early American history

  • Can Colonial Williamsburg Do Living History Better?

    Historian Karin Wulf argues that the leadership of Colonial Williamsburg has steered an effective course through the conflicting imperatives of nostalgia, heroic storytelling, and the harsh inequalities of the colonial era.   

  • Ned Blackhawk Unmakes the American Origin Story

    In "The Rediscovery of America" the historian presses for encounter, rather than discovery, to be the dominant theme of early American history. He explains here what can be gained by adopting this lens. 

  • Mythmaking in Manhattan: 1776 and Santa Claus

    by Benjamin L. Carp

    Contemporary New York elites downplayed the possibility that rebellious colonists set the Great Fire of New York in 1776; the same people were responsible for the modern myth of Santa Clause. The connections between the two are surprising. 

  • Counterfeiting for Freedom in Colonial America

    by Zachary Dorner

    A lively trade in "coining," the creation of false Spanish coins, reflected both the multinational colonization of North America and the hardships created by a constricted money supply in the British colonies. Though illegal, "bad money" made commerce and taxpaying possible for many colonials.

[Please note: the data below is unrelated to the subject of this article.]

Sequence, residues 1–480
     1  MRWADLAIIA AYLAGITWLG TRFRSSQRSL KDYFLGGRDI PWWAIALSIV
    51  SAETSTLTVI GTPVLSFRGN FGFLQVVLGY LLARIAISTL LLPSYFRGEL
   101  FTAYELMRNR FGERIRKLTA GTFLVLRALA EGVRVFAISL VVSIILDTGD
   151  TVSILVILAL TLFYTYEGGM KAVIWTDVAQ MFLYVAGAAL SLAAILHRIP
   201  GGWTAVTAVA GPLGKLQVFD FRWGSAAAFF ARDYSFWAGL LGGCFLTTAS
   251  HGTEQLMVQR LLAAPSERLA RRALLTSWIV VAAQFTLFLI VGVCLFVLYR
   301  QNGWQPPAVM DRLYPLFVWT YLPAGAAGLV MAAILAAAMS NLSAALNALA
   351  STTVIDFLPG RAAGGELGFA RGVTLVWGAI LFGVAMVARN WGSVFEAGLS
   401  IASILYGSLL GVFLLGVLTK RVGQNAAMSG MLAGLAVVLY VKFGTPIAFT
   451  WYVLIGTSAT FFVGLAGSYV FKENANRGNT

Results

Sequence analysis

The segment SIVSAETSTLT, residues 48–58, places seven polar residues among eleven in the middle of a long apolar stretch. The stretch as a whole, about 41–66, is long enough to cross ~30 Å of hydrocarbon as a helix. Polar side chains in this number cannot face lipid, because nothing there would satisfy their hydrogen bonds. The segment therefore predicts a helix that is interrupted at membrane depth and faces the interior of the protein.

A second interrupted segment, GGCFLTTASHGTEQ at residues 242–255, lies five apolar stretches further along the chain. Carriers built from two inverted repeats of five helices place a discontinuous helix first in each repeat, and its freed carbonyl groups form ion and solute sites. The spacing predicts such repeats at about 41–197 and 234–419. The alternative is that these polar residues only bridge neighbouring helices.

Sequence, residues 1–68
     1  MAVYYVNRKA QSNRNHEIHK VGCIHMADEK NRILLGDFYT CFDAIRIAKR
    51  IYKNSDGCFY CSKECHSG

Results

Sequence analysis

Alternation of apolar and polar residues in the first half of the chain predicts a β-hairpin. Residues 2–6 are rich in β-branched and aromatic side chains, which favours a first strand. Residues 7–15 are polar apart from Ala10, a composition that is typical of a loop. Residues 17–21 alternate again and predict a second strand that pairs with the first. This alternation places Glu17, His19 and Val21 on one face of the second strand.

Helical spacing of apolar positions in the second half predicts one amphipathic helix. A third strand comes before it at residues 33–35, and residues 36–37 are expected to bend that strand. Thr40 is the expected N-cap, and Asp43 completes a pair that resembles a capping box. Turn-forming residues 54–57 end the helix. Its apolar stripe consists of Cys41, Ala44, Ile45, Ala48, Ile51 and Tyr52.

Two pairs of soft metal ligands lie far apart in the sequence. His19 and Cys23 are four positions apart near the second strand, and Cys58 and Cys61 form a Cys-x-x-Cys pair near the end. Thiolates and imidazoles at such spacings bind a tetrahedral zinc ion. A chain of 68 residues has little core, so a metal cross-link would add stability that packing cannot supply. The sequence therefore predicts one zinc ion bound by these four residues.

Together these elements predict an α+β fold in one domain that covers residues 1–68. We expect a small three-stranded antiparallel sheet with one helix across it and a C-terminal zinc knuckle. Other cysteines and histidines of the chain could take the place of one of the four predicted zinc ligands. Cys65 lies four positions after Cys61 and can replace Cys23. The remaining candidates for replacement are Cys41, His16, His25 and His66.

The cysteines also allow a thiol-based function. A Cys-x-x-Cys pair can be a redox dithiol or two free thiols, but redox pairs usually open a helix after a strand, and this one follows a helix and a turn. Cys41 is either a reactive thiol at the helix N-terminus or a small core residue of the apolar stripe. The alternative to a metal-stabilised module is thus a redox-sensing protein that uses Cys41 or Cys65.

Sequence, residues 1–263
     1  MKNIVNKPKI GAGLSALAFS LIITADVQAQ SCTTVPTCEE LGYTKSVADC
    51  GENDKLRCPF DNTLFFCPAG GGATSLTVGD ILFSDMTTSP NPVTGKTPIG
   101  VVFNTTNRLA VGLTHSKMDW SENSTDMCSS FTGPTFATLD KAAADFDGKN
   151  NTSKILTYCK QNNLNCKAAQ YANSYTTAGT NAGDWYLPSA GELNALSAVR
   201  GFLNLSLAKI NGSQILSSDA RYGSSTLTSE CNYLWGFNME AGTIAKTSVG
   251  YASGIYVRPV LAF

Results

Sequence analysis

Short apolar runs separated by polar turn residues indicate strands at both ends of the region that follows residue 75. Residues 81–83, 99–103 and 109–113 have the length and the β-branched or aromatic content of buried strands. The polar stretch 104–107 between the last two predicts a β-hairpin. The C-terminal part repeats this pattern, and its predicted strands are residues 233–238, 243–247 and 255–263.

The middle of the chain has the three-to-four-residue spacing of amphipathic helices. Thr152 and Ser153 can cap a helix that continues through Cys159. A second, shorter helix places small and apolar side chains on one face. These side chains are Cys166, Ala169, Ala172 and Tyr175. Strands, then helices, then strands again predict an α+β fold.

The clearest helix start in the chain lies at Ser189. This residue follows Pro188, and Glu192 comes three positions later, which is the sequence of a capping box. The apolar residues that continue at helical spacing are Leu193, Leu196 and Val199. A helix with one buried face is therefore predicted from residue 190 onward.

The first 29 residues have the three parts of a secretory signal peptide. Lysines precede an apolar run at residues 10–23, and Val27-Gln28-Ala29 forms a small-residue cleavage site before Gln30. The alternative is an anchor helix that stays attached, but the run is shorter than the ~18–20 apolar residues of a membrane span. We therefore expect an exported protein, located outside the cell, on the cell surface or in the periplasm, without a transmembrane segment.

• Early America's Complicated Relationship with Abortion Access

    The Supreme Court decision overturning Roe v. Wade relied heavily on the argument that, in Justice Samuel Alito’s words, “a right to abortion is not deeply rooted in the nation’s history and traditions.” Paul Solman takes a look at that history, as part of our continuing coverage of America after Roe.

  • Single Origin Stories Aren't Good History

    by Emily Sclafani

    Origin stories, whether of idealized liberty or racism as national original sin, tie the present to the past in ways that exclude the possibilities for change that existed then and exist now.

  • Who Can Claim to be the United States’ First University?

    by Tom McSweeney, Katharine Ello and Elsbeth O'Brien

    New documentary evidence shows that the College of William and Mary was chartered as a university in 1693, making it the first university in the colonies. The story reflects how the sectarian strife of England in the seventeenth century helped Anglican W&M and harmed Puritan Harvard. 

  • How Not to Read Bernard Bailyn

    by Asheesh Kapur Siddique

    Conservatives lionizing Bernard Bailyn for supporting libertarian interpretations of the nation's founding and valorizing the founders "aligns perfectly with the reactionary effort to cancel critically engaged understandings of the American past, but poorly with Bailyn’s own far more nuanced vision of historical practice."

  • Remembering John Murrin

    The early American historian passed away on May 2 after contracting coronavirus.

  • Women Also Know Washington

    by Lindsay Chervinsky

    The last decade has witnessed a noticeable uptick of works on Washington authored by women, with more to come in the pipeline.